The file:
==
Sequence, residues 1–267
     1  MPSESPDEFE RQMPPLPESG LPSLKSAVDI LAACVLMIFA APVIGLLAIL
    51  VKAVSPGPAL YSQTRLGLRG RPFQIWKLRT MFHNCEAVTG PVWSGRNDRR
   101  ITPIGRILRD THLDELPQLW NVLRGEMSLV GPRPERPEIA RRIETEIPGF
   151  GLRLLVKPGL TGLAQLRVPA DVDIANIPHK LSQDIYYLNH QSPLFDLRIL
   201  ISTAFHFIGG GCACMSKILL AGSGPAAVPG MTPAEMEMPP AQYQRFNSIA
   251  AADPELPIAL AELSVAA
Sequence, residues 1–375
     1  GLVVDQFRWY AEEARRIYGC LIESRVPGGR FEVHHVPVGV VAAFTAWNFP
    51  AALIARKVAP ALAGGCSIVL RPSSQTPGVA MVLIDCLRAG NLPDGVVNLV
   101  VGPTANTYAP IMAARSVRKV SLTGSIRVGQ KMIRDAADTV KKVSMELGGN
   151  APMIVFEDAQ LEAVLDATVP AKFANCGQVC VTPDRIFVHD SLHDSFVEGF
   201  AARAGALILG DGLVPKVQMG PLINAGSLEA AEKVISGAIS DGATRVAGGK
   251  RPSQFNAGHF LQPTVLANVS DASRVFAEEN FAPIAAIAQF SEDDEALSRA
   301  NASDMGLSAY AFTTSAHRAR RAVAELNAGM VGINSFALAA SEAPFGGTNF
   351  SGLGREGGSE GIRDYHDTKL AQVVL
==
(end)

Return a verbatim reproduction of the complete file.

Sequence, residues 1–267
     1  MPSESPDEFE RQMPPLPESG LPSLKSAVDI LAACVLMIFA APVIGLLAIL
    51  VKAVSPGPAL YSQTRLGLRG RPFQIWKLRT MFHNCEAVTG PVWSGRNDRR
   101  ITPIGRILRD THLDELPQLW NVLRGEMSLV GPRPERPEIA RRIETEIPGF
   151  GLRLLVKPGL TGLAQLRVPA DVDIANIPHK LSQDIYYLNH QSPLFDLRIL
   201  ISTAFHFIGG GCACMSKILL AGSGPAAVPG MTPAEMEMPP AQYQRFNSIA
   251  AADPELPIAL AELSVAA
Sequence, residues 1–375
     1  GLVVDQFRWY AEEARRIYGC LIESRVPGGR FEVHHVPVGV VAAFTAWNFP
    51  AALIARKVAP ALAGGCSIVL RPSSQTPGVA MVLIDCLRAG NLPDGVVNLV
   101  VGPTANTYAP IMAARSVRKV SLTGSIRVGQ KMIRDAADTV KKVSMELGGN
   151  APMIVFEDAQ LEAVLDATVP AKFANCGQVC VTPDRIFVHD SLHDSFVEGF
   201  AARAGALILG DGLVPKVQMG PLINAGSLEA AEKVISGAIS DGATRVAGGK
   251  RPSQFNAGHF LQPTVLANVS DASRVFAEEN FAPIAAIAQF SEDDEALSRA
   301  NASDMGLSAY AFTTSAHRAR RAVAELNAGM VGINSFALAA SEAPFGGTNF
   351  SGLGREGGSE GIRDYHDTKL AQVVL